Seventeen-year-old Violet has always been expected to sit back and let the boys do all the saving.
It’s the code her father, a member of the Reign of Terror motorcycle club, raised her to live by. Yet when her dad is killed carrying out Terror business, Violet knows it’s up to her to do the saving. To protect herself, and her vulnerable younger brother, she needs to cut all ties with the club—including Chevy, the boy she’s known and loved her whole life.
But when a rival club comes after Violet, exposing old secrets and making new threats, she’s forced to question what she thought she knew about her father, the Reign of Terror, and what she thinks she wants. Which means re-evaluating everything: love, family, friends . . . and forgiveness.
Caught in the crosshairs between loyalty and freedom, Violet must decide whether old friends can be trusted—and if she’s strong enough to be the one person to save them all.
Sigh, Katie McGarry. I have a sort of love hate relationship with her books. They are good in a guilty pleasure type of way, but at the same time they grate on my nerves especially her Thunder Road series.
I think it’s because there is an underlying current of sexism in this particular series, and even though it’s addressed its sort of pushed aside like it’s no biggie and I’m like no…
Like I said, I’ve gotten really testy about things like this lately so if I read this book a year or so ago, it might’ve not bothered me near as much.
The things that bothered me about this series before: the stupid names, the melodrama, the oh he’s attractive so let’s bang cliche. All still there.
I had hopes that Violet and Chevy (God, I hate that name…the names in this series are just so fucking appalling but I’m not going to go on that fucking rant again) but they are still just as shallow as the rest of the couplings in this series-or either I have grown cynical to the tropes that McGarry uses.
I think that might be part of the problem. Though, in terms of library lists, McGarry’s isn’t that big so her books shouldn’t feel so repetitive yet.
But they do.
By all accounts, Long Way Home wasn’t that bad. It had a defined arc, character developments. But if felt so cliche. And again, the blatant sexism.
I kept reading it and shaking my head at how Violet is never even considered to a prospect because she’s a girl-not that she’d want to be a part of that stupid motorcycle gang, it’s just that the fact that the option isn’t even given to her and that the club has their stupid no-women-allowed-save-for-to-clean clubhouse annoys me.
And then there’s Violet’s mother who thinks her daughter belongs to a man.
I want to pull out my hair.
Again, the sexism is sort of addressed but it’s more or less in passing and it’s just shrugged off like it’s normal.
And I just wanted to say fuuuckkk.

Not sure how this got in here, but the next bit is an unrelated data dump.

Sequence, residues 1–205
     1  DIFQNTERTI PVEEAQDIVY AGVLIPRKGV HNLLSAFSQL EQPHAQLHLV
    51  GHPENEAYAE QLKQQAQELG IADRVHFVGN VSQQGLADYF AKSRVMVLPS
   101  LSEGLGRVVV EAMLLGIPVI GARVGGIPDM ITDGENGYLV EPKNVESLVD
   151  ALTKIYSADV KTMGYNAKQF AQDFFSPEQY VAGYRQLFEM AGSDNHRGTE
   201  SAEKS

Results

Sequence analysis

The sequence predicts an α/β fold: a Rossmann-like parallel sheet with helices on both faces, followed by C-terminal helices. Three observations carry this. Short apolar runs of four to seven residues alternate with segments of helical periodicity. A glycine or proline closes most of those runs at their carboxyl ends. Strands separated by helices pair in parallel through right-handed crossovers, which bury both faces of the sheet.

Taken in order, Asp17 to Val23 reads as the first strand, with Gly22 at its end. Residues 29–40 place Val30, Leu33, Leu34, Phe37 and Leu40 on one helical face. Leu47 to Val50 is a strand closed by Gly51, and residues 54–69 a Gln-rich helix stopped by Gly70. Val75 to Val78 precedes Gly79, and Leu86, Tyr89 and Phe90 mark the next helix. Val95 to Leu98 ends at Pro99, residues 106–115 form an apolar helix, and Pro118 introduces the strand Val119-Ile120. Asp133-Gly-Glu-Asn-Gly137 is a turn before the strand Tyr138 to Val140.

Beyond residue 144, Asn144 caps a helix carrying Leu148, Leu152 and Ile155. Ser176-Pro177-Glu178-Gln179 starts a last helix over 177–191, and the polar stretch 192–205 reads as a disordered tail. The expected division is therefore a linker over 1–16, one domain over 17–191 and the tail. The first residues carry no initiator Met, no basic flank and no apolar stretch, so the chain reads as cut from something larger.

So, that’s why I’m giving the book a lower rating besides the fact that it really seemed more or less like a recycled version of McGarry’s books. Here is the trope checklist:
- Two ridiculously attractive teenagers
- Both have “issues”/secrets
- Multiple dead parents which give issues
- Economic difficulties, except no economic difficulties when it counts. Meaning, they all have cool classic cars that they can surprisingly afford to maintain and/or can do things that normal teens would not be able to do unless they had parents that had money.
- Ridiculous melodrama that involves someone getting kidnapped/maimed/etc.
- Family secrets
- So called bad-assess that’s not really bad ass, but said to be bad ass constantly throughout the book where you think they’re bad ass.
- Friends that are only there for spinoffs
- “Tough” girl that’s not really tough.
- A duel narration that sometimes is compelling and sometimes is not.
Okay, okay, I know I sound really mean. And I really don’t care if I do because I got so annoyed with this book. I think what really annoyed me, that I did finish it in one setting just because I was hoping it would get better and I was interested in seeing how McGarry managed to crossover the two of her series-it wasn’t that great folks. In fact, I think the crossover bit added to the eyeball worthy-ness and whatever.
If you are a fan of McGarry’s work and haven’t gotten tired of her stuff AND aren’t annoyed with blatant misogyny that’s brushed off, then yeah give this one a try you’ll probably like it better than me.
Will I read McGarry’s next book…probably because the premises does look like something I’ll enjoy but I’m honestly putting her on the probation list at this point. If that book isn’t stellar I don’t know if I’ll continue. Like I said the past three or four releases have seemed rinse and repeat.
Overall Rating: A C.